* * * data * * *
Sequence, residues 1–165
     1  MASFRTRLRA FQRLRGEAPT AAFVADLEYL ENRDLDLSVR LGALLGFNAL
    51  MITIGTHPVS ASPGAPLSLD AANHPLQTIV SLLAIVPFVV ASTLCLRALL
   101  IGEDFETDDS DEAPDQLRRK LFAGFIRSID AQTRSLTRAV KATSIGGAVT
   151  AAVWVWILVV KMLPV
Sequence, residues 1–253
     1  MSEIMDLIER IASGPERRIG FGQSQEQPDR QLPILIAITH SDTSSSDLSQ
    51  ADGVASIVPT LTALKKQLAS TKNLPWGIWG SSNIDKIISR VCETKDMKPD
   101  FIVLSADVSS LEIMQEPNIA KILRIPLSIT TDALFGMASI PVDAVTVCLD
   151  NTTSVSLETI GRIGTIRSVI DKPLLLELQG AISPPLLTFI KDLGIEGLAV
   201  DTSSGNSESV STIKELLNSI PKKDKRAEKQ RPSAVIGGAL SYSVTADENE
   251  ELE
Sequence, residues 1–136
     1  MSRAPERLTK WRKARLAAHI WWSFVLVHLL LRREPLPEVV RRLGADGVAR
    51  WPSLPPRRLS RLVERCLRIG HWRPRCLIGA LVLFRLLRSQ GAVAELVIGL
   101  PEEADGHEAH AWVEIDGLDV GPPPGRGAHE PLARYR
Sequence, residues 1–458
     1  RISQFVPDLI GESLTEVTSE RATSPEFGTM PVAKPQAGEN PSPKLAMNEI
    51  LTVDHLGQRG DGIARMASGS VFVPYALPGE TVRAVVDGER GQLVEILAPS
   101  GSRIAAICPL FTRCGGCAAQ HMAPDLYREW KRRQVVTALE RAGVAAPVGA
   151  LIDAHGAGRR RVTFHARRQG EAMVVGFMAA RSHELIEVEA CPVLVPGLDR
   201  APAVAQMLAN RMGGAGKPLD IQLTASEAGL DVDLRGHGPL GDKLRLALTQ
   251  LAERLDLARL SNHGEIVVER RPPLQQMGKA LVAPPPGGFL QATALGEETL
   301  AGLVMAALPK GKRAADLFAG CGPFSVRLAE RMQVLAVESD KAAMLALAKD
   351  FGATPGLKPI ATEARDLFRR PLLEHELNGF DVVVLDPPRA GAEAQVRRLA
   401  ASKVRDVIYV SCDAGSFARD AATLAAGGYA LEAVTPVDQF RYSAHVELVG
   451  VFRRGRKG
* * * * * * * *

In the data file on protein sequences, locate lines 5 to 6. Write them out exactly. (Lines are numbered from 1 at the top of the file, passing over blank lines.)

   151  AAVWVWILVV KMLPV
Sequence, residues 1–253